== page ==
Cuomo critics slam gun violence emergency as executive power grab
Gov. Cuomo declares state of emergency on gun violence
Fox News’ Bryan Llenas reports New York police will join forces with ATF agents
New York Gov. Andrew Cuomo announced Tuesday that he is declaring a disaster emergency for gun violence – treating it as a public health crisis – but critics from both sides of the aisle are skeptical about the strategy and the governor’s true motives.
Cuomo compared his approach to how his administration addressed the coronavirus pandemic – something for which he has claimed great success while being heavily criticized for his handling of nursing home patients, many of whom died. Just like with COVID-19, Cuomo is taking action through an executive order.
“Just like we did with COVID, New York is going to lead the nation once again with a comprehensive approach to combating and preventing gun violence, and our first step is acknowledging the problem with a first-in-the-nation disaster emergency on gun violence,” he said.
Cuomo recognized that gun violence is not limited to his own state, but he positioned himself has the leader of a movement to combat it through a new executive order.
“Now, this is a national problem. I get it. But somebody has to step up and somebody has to address it,” Cuomo said.
Democratic New York state Assemblyman Ron Kim, a known political rival of Cuomo who clashed with him over nursing home deaths, warned that Cuomo’s order is really a power grab and a way to stay in the spotlight.
“For Cuomo, this isn’t about fixing gun violence. It’s about continuing his executive powers through a state of emergencies so he can continue to play savior on TV while monitoring his poll no’s incessantly,” Kim tweeted.
Kim later tweeted again, responding to Cuomo comparing his approach to gun violence to that of the pandemic. He accused the governor of using this as an opportunity to profit without solving any problems.
“Translation: I want to use gun violence to play hero again on my brother’s CNN show and earn another $5.1 million on a book deal while not doing anything to end the cycle of violence,” Kim said.
Others focused on the failures of the Cuomo administration during the pandemic, as the state suffered one of the highest number of casualties in the nation, with a significant percentage of them coming from nursing home patients who died after Cuomo ordered facilities to accept residents from hospitals who had tested positive for COVID-19. The administration faced further criticism for keeping the numbers under wraps.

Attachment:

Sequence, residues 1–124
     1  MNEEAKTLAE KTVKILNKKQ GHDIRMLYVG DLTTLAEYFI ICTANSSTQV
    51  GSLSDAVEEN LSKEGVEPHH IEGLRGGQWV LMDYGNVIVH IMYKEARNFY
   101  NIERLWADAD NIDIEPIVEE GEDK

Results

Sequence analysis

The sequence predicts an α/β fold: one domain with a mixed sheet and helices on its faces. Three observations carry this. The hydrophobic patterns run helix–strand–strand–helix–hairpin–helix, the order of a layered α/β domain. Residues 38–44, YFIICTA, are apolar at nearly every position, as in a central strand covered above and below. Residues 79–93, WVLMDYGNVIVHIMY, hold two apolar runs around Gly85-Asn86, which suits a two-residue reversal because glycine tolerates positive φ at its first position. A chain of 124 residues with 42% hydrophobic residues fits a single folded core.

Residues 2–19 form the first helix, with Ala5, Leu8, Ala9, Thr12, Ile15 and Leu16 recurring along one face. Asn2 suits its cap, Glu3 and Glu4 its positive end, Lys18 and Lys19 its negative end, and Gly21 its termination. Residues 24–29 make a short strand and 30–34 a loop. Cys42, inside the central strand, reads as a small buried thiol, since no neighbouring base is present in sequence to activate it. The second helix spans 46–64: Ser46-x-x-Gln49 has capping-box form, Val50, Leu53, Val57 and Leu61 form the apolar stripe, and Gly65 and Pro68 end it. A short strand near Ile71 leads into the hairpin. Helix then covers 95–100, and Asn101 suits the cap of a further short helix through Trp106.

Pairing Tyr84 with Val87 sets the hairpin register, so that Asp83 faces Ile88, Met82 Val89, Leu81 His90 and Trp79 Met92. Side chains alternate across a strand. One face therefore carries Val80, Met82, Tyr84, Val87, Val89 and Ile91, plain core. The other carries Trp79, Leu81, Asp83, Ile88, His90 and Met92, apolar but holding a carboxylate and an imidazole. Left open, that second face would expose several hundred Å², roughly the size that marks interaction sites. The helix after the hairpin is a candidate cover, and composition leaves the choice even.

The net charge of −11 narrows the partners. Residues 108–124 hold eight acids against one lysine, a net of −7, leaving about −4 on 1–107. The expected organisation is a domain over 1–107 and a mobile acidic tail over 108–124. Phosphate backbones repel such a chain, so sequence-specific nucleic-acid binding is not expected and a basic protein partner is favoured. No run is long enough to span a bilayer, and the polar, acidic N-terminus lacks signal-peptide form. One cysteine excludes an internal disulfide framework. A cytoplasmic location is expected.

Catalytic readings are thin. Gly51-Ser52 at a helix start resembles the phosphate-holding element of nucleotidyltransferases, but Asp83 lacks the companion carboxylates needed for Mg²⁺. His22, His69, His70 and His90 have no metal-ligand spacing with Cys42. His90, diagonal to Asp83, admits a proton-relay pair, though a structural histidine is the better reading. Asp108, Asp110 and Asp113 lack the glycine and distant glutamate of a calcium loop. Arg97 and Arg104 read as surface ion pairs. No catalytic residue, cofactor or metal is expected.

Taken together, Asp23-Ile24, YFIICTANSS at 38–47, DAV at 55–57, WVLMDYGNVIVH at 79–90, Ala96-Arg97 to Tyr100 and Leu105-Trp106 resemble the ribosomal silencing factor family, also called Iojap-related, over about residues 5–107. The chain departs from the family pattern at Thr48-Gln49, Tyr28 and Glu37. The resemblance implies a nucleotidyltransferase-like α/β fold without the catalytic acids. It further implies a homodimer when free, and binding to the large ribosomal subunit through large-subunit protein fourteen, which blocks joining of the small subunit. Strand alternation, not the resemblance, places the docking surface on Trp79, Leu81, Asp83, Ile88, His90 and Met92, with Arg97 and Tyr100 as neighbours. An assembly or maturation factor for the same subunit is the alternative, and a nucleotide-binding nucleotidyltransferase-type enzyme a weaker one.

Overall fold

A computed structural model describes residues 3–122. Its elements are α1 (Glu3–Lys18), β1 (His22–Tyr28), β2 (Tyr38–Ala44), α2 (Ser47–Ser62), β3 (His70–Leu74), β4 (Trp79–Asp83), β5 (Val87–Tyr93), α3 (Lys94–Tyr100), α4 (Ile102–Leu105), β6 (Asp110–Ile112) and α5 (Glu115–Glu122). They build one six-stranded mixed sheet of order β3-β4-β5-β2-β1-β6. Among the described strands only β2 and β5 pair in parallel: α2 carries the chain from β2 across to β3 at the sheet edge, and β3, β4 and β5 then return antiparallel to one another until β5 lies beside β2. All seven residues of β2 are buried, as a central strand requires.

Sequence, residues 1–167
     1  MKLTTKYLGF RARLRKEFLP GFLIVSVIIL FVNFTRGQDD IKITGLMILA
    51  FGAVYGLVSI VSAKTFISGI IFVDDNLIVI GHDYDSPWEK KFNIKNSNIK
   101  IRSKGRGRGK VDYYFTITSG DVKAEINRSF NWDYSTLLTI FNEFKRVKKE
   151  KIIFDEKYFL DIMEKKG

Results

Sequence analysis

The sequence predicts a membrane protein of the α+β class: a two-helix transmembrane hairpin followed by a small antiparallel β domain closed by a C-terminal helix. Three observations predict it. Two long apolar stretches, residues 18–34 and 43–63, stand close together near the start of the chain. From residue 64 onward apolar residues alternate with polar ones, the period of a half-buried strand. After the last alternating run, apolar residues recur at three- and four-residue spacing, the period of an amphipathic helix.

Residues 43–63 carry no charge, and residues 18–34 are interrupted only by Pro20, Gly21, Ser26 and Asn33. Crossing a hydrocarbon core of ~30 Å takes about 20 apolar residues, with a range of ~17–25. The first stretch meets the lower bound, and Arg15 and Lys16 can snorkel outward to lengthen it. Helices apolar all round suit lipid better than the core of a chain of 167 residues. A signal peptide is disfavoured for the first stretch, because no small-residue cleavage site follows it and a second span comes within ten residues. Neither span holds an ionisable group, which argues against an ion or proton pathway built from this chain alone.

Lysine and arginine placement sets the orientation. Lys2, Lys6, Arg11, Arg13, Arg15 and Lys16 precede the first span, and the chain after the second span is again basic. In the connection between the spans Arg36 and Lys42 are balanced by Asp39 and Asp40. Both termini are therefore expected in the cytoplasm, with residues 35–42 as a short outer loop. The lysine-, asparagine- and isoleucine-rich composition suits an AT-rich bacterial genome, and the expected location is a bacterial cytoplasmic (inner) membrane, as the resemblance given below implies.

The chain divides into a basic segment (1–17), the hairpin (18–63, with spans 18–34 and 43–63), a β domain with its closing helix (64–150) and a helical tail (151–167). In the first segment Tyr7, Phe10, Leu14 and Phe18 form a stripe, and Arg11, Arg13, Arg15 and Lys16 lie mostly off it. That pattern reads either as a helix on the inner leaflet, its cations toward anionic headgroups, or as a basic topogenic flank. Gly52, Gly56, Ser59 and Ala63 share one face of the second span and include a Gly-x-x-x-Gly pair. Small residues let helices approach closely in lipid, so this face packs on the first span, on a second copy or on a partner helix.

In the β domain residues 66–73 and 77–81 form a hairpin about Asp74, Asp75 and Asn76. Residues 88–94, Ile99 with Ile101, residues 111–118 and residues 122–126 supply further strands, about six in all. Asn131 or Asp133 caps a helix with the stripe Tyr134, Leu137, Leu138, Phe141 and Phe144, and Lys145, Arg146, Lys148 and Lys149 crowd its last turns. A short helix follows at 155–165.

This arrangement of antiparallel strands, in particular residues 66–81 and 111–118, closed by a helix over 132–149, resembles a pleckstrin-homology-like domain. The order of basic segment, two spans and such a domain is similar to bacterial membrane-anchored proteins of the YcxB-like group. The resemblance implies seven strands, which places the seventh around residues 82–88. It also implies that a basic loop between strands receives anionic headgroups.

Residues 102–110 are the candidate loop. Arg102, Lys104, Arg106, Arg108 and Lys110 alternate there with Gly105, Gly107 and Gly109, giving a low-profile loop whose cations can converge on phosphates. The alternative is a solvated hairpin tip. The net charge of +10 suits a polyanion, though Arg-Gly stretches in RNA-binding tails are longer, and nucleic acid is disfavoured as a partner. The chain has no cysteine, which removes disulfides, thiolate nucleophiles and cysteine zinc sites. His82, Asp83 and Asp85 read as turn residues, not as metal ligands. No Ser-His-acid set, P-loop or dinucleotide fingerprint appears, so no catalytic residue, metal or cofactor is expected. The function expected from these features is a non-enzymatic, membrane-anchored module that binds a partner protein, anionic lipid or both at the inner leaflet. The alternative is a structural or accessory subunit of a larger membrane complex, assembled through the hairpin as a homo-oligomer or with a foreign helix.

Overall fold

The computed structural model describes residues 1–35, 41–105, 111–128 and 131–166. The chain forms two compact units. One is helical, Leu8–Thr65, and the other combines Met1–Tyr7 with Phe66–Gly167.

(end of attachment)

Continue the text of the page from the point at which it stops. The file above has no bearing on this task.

“Said without irony: @NYGovCuomo wants to do with gun violence what he did with Covid,” tweeted Lindsey Boylan, a former Cuomo staffer who was the first in a string of many women to accuse him of sexual harassment or misconduct.
Rep. Claudia Tenney, R-N.Y., pointed to what she thinks the true disaster emergency really is.
“I know of about 15,000 families who would consider his deadly COVID nursing home policy a ‘Disaster Emergency,'” she tweeted.
Fox News reached out to Cuomo’s office for a response to the criticism, but they did not immediately respond.
Marc Molinaro, a Republican who challenged Cuomo in 2018, pointed to the governor’s criminal justice policies, which have included eliminating cash bail for many offenses.
“Andrew Cuomo and the Democrats in Albany have spent the past 4 years dismantling our criminal justice system, undermining public safety, and even threatening the well-being of alleged assailants,” Molinaro said in a statement. “To now blame the increase in violence on anyone but themselves is absurd and dishonest.”
Similarly, former NYPD Commissioner Bernard Kerik blamed leadership for the rise in crime that has plagued New York, especially New York City, over the past year.
“The governor, prosecutors, and mayor are responsible for the increases in violent crime, shootings, and murder,” Kerik tweeted, calling the executive order “nothing more than an attempted back door attack on our second amendment.”
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